urc mondor

Unité de Recherche Clinique Henri Mondor

Immune thrombocytopenia and pregnancy: an exposed/nonexposed cohort study.

Guillet S, Loustau V, Boutin E, Zarour A, Comont T, Souchaud-Debouverie O, Chalumeau NCostedoat, Pan-Petesch B, Gobert D, Cheze S, Viallard JFrancois, Morin A-S, Sauvetre G, Cliquennois M, Royer B, Masseau A, Terriou L, Fieschi C, Lambotte O, Girault S, Lioger B, Audia S, Sacre K, Lega JChristophe, Langlois V, Benachi A, Orvain C, Devidas A, Humbert S, Gambier N, Ruivard M, Zarrouk V, Ebbo M, Willems L, Segaux L, Mahévas M, Haddad B, Michel M, Canoui-Poitrine F, Godeau B Blood. 2023;141(1):11-21.

<p>The risk of immune thrombocytopenia (ITP) worsening during pregnancy and neonatal ITP (NITP) have never been prospectively studied. We included 180 pregnant and 168 nonpregnant women with ITP in a prospective, multicenter, observational cohort study. A total of 131 pregnant women with ITP were matched to 131 nonpregnant women with ITP by history of splenectomy, ITP status (no response, response, complete response), and duration. Groups were followed for 15 months. The primary outcome was the first occurrence of ITP worsening defined by a composite end point including bleeding events and/or severe thrombocytopenia (<30 × 109/L) and/or ITP treatment modification. We also studied the recurrence of ITP worsening and the incidence of NITP and risk factors. The first occurrence of ITP worsening did not differ between pregnant and nonpregnant women with ITP (53.4 per 100 person-years [95% confidence interval {CI}, 40.8-69.9] vs 37.1 [95% CI, 27.5-50.0]; hazard ratio {HR}, 1.35 [95% CI, 0.89-2.03], P = .16). Pregnant women with ITP were more likely to have recurrence of severe thrombocytopenia and treatment modification (HR, 2.71 [95% CI, 1.41-5.23], P = .003; HR, 2.01 [95% CI, 1.14-3.57], P = .017, respectively). However, recurrence of severe bleeding events was not different between groups (P = .4). Nineteen (14%) neonates showed NITP <50 × 109/L. By multivariable analysis, NITP was associated with a previous offspring with NITP and maternal platelet count <50 × 109/L within 3 months before delivery (adjusted odds ratio, 5.55 [95% CI, 1.72-17.89], P = .004 and 4.07 [95% CI, 1.41-11.73], P = .009). To conclude, women with ITP do not increase their risk of severe bleeding during pregnancy. NITP is associated with NITP history and the severity of maternal ITP during pregnancy. These results will be useful for counseling women with ITP.</p>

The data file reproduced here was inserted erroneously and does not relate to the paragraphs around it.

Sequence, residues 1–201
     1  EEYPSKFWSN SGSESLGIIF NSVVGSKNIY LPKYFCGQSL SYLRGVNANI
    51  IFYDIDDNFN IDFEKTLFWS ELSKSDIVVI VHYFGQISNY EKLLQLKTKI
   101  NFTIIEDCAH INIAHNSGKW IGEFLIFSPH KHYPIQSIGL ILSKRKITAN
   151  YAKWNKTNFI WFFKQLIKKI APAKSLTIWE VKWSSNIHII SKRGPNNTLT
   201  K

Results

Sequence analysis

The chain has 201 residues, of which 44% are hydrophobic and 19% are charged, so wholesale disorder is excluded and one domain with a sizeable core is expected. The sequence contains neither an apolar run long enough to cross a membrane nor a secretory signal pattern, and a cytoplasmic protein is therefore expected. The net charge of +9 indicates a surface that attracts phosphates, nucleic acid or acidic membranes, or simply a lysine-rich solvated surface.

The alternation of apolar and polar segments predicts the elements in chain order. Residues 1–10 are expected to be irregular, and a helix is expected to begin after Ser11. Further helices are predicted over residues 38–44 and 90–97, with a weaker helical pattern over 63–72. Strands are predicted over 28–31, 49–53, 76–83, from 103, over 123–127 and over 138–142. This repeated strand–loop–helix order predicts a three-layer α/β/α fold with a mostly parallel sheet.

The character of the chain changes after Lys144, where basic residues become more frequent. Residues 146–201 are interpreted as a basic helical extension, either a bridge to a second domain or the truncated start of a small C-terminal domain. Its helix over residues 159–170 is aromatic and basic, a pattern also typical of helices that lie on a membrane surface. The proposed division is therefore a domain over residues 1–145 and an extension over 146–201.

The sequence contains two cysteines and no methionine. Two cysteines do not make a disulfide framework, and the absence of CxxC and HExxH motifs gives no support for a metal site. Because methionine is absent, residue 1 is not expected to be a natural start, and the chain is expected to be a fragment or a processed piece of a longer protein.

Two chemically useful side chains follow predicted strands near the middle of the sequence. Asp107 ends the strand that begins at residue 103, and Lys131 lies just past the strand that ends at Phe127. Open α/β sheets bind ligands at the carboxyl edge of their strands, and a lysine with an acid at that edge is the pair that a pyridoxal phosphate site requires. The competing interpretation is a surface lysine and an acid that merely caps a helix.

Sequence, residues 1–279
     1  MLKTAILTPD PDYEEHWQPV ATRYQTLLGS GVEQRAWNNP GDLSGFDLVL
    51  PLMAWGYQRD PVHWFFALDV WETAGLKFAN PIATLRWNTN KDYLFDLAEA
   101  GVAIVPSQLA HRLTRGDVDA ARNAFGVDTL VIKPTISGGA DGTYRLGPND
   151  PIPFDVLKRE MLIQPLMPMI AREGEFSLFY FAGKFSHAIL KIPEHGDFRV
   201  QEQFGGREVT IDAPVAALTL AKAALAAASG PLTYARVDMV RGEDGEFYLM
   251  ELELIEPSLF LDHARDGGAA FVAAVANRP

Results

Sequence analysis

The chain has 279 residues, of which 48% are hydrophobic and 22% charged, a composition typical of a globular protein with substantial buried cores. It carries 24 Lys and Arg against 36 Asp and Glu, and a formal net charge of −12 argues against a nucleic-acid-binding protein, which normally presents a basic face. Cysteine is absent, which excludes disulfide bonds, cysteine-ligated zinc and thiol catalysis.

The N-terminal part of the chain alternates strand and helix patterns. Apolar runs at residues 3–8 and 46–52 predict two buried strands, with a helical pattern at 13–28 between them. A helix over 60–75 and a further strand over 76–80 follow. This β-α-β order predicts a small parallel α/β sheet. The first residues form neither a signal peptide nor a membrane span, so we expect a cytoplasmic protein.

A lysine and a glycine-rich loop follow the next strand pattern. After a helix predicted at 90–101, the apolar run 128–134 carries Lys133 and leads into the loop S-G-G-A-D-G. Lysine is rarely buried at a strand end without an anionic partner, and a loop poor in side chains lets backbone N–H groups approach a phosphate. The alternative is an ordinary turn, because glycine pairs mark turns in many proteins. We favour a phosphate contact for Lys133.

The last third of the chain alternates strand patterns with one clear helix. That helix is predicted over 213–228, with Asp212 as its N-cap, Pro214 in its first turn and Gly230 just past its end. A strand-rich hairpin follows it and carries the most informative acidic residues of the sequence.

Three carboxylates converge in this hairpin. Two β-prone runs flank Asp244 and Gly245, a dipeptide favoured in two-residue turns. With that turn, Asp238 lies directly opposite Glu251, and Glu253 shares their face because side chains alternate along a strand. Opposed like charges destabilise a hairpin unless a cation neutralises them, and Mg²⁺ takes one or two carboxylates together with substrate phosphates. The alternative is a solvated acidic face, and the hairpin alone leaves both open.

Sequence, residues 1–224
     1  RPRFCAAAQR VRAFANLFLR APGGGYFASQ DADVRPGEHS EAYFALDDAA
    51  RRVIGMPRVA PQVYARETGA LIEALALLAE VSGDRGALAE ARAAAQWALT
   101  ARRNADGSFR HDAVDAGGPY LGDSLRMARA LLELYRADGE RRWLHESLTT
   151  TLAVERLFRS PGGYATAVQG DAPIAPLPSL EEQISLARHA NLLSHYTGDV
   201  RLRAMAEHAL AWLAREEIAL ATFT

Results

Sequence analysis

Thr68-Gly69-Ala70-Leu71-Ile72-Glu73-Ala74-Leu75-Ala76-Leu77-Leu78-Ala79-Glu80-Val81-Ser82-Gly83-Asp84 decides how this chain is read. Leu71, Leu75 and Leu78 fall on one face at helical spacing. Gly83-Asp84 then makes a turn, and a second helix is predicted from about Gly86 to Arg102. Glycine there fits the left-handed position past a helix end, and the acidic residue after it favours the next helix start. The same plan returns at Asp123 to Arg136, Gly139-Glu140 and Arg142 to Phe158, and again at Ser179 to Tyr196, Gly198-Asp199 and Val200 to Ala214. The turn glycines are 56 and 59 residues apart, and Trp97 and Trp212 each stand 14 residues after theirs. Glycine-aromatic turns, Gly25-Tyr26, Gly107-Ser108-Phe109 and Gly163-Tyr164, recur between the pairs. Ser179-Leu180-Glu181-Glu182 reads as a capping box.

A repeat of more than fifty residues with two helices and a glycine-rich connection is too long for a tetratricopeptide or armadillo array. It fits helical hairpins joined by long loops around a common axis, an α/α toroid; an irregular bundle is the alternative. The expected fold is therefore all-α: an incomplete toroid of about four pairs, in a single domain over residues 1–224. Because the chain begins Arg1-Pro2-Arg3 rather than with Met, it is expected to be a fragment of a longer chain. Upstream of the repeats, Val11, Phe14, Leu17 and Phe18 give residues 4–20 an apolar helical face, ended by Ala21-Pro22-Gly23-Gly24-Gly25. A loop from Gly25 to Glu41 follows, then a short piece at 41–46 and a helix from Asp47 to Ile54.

MeSH terms: Cohort Studies; Female; Humans; Infant, Newborn; Pregnancy; Pregnancy Complications, Hematologic; Prospective Studies; Purpura, Thrombocytopenic, Idiopathic; Retrospective Studies; Thrombocytopenia, Neonatal Alloimmune
DOI: 10.1182/blood.2022017277